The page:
My fiance cannot watch a movie without falling asleep within the first 15 minutes. I’m starting to wondering if she has a rare movie-related sleep disorder.
I’ll get everything set up just right. Her favorite blanket is sprawled out on the couch right in her favorite spot, which also happens to be my favorite spot. We fill the room up with pillows and the coffee table is stocked full of snacks. I have prepared the ultimate movie experience. We’ve spent close to an hour picking the perfect movie and it is cued up on the screen waiting to launch. I coyly ask her if she needs a cup of coffee and she brushes it off promising that she won’t fall asleep.
It doesn’t take long before I look over and see her eyes are shut, mouth is open, and she’s snoring ever-so softly. I give her a nudge and tell her to wake up to which she volleys back with her usual claims that she wasn’t sleeping. Refusing to acknowledge what we both know to be one of her worst habits. Everyone knows that person. The “I was just resting my eyes” person. They are borderline narcoleptics and consistently in denial.
This is a cinephile’s worst nightmare!
Curiously enough, it always seems that this person hasn’t seen a lot of really great movies. This friend constantly complains that they You recommend your friend a great movie, sit down with them to watch it, and soon thereafter you find yourself watching it alone as your companion snoozes away. You are left sitting there wondering why you bothered and if you should just turn it off or wake them up. They would want you to wake them right? I will usually wake the person once. A quick shake or nudge. If that doesn’t do it, then I let them snore while I enjoy the film all alone.
Part of me completely understands. I know that people are tired from their long, busy days. Then you come home and put on your comfiest clothes. The lights are turned down really low. The room is dark and cozy. To prepare for an hour or two of movie watching, you relax deep into a big, soft couch. Maybe with blankets or pillows. How could you not doze off?
Studies say that this phenomenon could be due to posture. When the movie snoozer relaxes into position, the head and neck muscles loosen up and triggers a signal to the brain. The brain then activates whats called the secondary wake drive, telling the body it’s time to sleep.
Basically, your body has been conditioned to feel sleepier when your body is in a relaxing positio>n. Your brain recognizes that your muscles are relaxing and that your body is ready to be rejuvenated. Your body is very similar to large computer system. When you are idle and relaxed for too long, it decides to tell the rest of the body that it needs to go into sleep mode.
It is also possible that your friend or significant other is experiencing a Pavlov’s dog type scenario. If they watch TV in bed right before they go to sleep, this could be a good reason for why movies ignite their sleepy spark. They are associating the movies or TV with falling asleep. Now when they relax into a couch to watch a movie, their body thinks it’s time to go to sleep.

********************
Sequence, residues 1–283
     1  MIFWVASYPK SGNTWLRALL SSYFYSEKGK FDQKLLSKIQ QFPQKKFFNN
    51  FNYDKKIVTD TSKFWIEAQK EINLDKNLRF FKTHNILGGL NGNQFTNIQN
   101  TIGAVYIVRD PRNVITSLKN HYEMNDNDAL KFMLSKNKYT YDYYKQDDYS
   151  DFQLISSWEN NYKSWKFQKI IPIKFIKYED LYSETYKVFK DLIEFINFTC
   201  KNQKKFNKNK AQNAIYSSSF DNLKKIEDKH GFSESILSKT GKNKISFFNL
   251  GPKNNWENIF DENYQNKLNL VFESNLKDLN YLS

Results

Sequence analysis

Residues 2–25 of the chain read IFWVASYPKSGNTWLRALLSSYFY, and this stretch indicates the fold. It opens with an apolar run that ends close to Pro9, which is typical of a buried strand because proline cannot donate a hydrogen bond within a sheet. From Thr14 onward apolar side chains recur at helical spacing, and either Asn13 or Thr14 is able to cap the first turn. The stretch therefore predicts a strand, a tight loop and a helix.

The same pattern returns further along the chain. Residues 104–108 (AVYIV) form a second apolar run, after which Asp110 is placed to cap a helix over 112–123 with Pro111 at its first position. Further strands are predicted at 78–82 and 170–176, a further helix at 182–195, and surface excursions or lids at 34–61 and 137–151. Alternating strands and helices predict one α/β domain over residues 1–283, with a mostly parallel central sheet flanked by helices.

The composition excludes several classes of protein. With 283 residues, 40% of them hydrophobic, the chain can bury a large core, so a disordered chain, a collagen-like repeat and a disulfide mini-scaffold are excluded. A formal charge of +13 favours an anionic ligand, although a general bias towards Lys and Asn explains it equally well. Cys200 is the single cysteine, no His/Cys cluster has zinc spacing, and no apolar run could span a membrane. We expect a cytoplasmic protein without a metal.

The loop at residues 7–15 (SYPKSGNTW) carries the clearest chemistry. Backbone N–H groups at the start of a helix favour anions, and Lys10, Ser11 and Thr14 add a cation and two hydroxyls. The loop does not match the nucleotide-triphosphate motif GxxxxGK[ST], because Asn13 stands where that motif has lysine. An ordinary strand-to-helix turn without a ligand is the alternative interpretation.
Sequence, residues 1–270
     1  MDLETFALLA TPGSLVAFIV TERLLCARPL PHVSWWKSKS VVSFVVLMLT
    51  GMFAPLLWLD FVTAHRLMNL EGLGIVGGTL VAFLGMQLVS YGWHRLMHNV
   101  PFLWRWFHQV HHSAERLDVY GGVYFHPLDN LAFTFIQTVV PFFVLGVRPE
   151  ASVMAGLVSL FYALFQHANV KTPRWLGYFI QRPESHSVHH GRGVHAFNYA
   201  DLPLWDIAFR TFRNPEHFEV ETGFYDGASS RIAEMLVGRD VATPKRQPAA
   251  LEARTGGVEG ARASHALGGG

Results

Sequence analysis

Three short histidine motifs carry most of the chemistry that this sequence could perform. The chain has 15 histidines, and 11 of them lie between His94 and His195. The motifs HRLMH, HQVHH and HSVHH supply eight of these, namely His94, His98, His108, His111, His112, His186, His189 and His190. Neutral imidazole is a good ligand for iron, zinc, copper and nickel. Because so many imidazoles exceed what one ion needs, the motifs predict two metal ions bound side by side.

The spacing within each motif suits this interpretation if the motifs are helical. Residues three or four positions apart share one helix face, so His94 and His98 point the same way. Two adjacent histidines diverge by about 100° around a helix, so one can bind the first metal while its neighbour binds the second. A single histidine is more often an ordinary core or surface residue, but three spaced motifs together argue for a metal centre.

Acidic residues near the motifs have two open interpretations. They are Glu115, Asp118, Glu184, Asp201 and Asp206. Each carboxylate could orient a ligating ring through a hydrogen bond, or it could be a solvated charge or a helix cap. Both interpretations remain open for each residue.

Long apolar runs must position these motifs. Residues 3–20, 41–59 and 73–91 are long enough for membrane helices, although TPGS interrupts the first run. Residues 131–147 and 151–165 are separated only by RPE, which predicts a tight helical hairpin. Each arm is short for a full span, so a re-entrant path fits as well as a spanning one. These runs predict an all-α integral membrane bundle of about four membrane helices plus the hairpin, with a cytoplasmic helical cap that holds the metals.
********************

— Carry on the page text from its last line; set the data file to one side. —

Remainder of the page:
If you are a fellow movie fanatic that is having trouble getting their significant other to stay awake for a movie, I have put together some tips for you to attempt at home.
- Start the movie as early as possible. Six or seven o’clock, just after dinner is the sweet spot to get the most out of an avid movie sleeper. The earlier you start that movie the better. If you need to, start watching while you are eating dinner. Waiting until midnight is sure to leave you disappointed.
- Make a pot of coffee. Have it readily available on the table with a nice mug and some of your friend or partners favorite treats. If you’re lucky, they’ll take the hint and guzzle it down!
- Keep the lights on. It’s not the ideal movie experience, but this is a special case. Keeping the lights bright will be very helpful in keeping your movie partner’s eyes open.
- Plan ahead! When there is a movie you’re really looking forward to watching, have a talk with your buddy and convince them to take a nap in preparation.
- Make them sit in a straight back chair with no cushions or pillows. If they can’t couch responsibly, then they can’t couch at all.
Falling asleep at the movie theatre is the ultimate crime. Movies are not cheap these days! I do see it becoming easier nowadays with the fancy, recliner chair theatres popping up all over. I have to hold true to this one. If your movie sleeper is also falling asleep at the theatre, then this is a severe case and you may want to consider that there is another underlying problem.
If this is a problem that consistently happens with a loved one, you should consider speaking with a sleep specialist or doctor. It is possible that they have a sleep disorder that has been going unnoticed. Certain sleep disorders can bring along some serious health issues, so it is best to get ahead of the problem when you see anything that may be a solid symptom.